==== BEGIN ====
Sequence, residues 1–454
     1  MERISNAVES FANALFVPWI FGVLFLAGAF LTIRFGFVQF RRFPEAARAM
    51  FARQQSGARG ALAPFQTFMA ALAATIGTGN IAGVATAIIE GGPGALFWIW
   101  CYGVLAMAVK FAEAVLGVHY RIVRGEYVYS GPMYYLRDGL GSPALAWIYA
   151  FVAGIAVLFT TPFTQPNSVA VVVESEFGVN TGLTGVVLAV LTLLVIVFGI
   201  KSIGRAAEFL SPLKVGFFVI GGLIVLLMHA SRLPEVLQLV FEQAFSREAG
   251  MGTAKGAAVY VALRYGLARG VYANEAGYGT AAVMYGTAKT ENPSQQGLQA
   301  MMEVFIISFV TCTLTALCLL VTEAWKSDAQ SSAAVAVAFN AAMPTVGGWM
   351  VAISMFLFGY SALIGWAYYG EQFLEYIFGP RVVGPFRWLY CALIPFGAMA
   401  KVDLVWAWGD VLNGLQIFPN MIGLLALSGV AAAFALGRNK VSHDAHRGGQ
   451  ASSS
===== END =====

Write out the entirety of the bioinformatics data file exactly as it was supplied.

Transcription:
Sequence, residues 1–454
     1  MERISNAVES FANALFVPWI FGVLFLAGAF LTIRFGFVQF RRFPEAARAM
    51  FARQQSGARG ALAPFQTFMA ALAATIGTGN IAGVATAIIE GGPGALFWIW
   101  CYGVLAMAVK FAEAVLGVHY RIVRGEYVYS GPMYYLRDGL GSPALAWIYA
   151  FVAGIAVLFT TPFTQPNSVA VVVESEFGVN TGLTGVVLAV LTLLVIVFGI
   201  KSIGRAAEFL SPLKVGFFVI GGLIVLLMHA SRLPEVLQLV FEQAFSREAG
   251  MGTAKGAAVY VALRYGLARG VYANEAGYGT AAVMYGTAKT ENPSQQGLQA
   301  MMEVFIISFV TCTLTALCLL VTEAWKSDAQ SSAAVAVAFN AAMPTVGGWM
   351  VAISMFLFGY SALIGWAYYG EQFLEYIFGP RVVGPFRWLY CALIPFGAMA
   401  KVDLVWAWGD VLNGLQIFPN MIGLLALSGV AAAFALGRNK VSHDAHRGGQ
   451  ASSS